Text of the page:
December 2, 2014: Yesterday Chef Heather Haxo Phillips and I got together to shoot some videos for our upcoming program in January (www.sadhanaimmersion.com). We created some promo videos to talk about what the program actually is, we created some inspirational self-help videos to help people commit to their yoga practice, and we created a guided home practice sequence. The first run through was not so good. We were stilted and nervous and rambling. But, we kept going with takes and eventually we got a little silly, our passion started shining through and our words became clearer and more succinct. However, at some point our shininess wore off and we started to devolve into thinking too much and annoyance. At this point I said, "We're done", and we took a break. We went downstairs and got something to eat together. After about 30 minutes we were ready to go back to shooting the videos and knocked them out one after the other. We were communicating more effectively but perhaps more importantly, we were enjoying ourselves and as a result our true selves began to emerge.
The two wings of yoga practice are abhyasa (practice) and vairagya (detachment). Practice (abhyasa) becomes Sadhana (devoted practice) when we commit ourselves fully to the path of Self-realization. The foundation of yoga practice is regular, repeated effort over a long time. However, if this feels mechanical and hard, we are unlikely to stick with it. Our practice should bring us contentment, joy and energy. If it is not, then we need to look at why that is (vs. stopping practice!) We may not be excited to start our practice every day but we are more likely to continue our practice if we feel lighter and better at the end.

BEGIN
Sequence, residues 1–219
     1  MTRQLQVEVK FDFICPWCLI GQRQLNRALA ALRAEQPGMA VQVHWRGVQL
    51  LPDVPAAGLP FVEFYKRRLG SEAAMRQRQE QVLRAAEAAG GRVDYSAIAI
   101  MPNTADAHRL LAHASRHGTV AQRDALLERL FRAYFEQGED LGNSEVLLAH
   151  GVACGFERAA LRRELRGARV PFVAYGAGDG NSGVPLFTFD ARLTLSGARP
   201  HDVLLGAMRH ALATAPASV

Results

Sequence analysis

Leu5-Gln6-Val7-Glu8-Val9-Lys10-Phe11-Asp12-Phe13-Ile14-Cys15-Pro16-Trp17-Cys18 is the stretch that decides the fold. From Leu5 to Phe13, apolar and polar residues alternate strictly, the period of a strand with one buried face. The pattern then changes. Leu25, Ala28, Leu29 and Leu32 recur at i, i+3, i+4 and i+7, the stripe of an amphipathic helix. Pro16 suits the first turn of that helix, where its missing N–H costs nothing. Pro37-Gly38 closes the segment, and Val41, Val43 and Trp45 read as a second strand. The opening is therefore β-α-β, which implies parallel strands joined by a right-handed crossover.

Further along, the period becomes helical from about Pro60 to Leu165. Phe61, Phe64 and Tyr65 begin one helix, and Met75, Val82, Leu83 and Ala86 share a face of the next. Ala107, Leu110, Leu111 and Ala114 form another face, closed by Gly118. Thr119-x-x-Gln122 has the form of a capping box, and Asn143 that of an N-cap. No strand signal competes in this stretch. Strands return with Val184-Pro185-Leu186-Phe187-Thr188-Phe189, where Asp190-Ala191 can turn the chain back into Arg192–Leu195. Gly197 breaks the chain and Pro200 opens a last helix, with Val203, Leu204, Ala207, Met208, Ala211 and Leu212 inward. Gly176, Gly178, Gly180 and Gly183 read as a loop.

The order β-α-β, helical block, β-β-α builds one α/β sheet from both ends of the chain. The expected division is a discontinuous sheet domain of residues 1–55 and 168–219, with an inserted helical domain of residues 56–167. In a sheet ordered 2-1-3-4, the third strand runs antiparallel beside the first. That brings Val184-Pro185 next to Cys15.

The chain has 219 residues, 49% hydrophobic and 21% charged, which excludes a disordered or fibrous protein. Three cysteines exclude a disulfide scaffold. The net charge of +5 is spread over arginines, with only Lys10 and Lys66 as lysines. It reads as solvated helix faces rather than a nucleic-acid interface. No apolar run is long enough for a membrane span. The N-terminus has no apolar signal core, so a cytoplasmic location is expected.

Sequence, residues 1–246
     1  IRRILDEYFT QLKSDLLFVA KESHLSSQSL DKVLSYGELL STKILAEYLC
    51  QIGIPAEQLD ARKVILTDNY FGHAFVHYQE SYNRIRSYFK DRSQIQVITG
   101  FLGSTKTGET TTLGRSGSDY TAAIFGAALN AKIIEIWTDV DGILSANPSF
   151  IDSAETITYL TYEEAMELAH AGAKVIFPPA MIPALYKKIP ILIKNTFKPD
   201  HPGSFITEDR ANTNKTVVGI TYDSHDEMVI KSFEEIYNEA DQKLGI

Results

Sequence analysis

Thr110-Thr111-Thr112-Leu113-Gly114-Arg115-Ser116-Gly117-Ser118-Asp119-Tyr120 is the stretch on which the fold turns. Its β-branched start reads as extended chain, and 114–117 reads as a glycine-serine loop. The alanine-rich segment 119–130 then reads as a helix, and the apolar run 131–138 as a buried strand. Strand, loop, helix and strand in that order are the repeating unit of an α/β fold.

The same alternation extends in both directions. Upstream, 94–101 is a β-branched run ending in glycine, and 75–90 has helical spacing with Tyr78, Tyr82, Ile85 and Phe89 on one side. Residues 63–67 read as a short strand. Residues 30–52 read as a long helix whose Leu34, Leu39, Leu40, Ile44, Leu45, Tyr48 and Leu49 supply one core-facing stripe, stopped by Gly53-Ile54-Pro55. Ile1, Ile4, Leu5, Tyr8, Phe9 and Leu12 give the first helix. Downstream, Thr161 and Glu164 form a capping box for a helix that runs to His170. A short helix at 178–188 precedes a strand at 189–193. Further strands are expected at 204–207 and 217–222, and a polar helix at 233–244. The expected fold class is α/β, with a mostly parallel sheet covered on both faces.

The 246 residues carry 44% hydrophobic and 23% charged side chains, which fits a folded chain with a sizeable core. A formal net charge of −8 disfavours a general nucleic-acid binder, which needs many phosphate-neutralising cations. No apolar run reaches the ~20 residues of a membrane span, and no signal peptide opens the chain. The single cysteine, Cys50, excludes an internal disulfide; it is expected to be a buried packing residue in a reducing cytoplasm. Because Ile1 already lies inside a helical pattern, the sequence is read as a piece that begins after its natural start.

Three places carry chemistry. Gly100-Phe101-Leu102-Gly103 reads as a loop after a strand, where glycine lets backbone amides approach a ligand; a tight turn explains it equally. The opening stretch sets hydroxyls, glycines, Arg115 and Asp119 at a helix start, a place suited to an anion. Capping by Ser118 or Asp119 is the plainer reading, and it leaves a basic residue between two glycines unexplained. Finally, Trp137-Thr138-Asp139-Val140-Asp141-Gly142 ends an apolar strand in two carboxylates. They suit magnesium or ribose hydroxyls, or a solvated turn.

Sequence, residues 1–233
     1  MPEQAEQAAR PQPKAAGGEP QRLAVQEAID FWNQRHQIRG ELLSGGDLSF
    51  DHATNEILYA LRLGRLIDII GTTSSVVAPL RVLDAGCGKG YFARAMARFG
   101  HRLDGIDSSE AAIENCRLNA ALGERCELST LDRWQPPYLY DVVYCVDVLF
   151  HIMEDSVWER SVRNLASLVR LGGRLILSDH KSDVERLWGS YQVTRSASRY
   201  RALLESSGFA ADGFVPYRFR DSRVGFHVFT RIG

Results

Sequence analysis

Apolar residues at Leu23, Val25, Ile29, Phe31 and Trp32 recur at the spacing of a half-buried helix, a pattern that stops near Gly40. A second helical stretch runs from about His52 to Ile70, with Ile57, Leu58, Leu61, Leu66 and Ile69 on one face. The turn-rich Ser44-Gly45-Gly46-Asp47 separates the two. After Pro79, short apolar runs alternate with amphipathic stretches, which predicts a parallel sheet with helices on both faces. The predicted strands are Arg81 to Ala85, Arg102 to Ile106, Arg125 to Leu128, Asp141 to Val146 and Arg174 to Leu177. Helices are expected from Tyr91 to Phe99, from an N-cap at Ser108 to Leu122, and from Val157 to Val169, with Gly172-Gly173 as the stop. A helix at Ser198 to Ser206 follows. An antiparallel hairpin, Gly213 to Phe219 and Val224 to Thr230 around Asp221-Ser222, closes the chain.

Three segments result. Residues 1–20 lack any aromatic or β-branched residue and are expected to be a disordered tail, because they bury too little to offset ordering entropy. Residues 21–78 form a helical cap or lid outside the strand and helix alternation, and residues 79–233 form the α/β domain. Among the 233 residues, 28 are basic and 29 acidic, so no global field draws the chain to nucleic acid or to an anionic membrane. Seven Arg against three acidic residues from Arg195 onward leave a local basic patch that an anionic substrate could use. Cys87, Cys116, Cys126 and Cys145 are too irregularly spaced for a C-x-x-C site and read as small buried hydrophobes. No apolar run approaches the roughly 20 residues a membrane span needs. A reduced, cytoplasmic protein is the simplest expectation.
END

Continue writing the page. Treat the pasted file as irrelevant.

Yoga classes are great and it is very helpful and recommended that you have a teacher that you study with regularly. But, the rubber really hits the road and the benefits of yoga practice become your own when you commit to a personal practice of yoga. At first it will be awkward and you will ask yourself "am I doing this right?" but instead of allowing that to be a barrier, use it as an opportunity. Do ask yourself if you are doing the pose right, but instead of relying on external measures, use your own insight. Does the pose feel healthy, nourishing, light and illuminative? If not, than where is there heaviness, resistance, blockages and how can you meet those impediments and work with them?
You will also be very surprised once you actually get in a pose, that there is a wealth of information in your own body already. Drawn from the classes you have taken and your own experience. At some point, you may feel as I described above during the video shoot that things are beginning to devolve at which point your practice might be over OR you might just try doing another type of poses. For example, if you are doing standing poses and you start to feel your energy going down then do a supported backbend like supta baddha konasana or supta virasana. You might be surprised that your energy is back after 10 minutes! Just like our tea break during the video shoot.
Abhyasa (practice) merges into Sadhana (practice with devotion) when we let go of an expectation of future reward and instead surrender to the present moment over and over and over again. At some point, you realize that you are not only practicing for yourself but to support your life and the lives of those around you. When you have a regular spiritual practice, you feel like a better person (and you don't need anyone to acknowledge that for you!) You are able to let go of fear and the barriers separating you from others and the world and radiate your true, authentic self.
From B.K.S. Iyengar, "Education, derived from the Latin educate, means to educe or draw forth the latent potential - to develop the talents and gifts of an individual. It is the drawing out of the best qualities of a person. It is the task of a good educator to help his students realize their strengths or their weaknesses and then contribute to their growth and development on the one hand and eradication of weakness on the other." (Sparks of Divinity)
Are you educating your self or just going through the motions?
Virabhadrasana I and II (Warrior poses) with B.K.S. Iyengar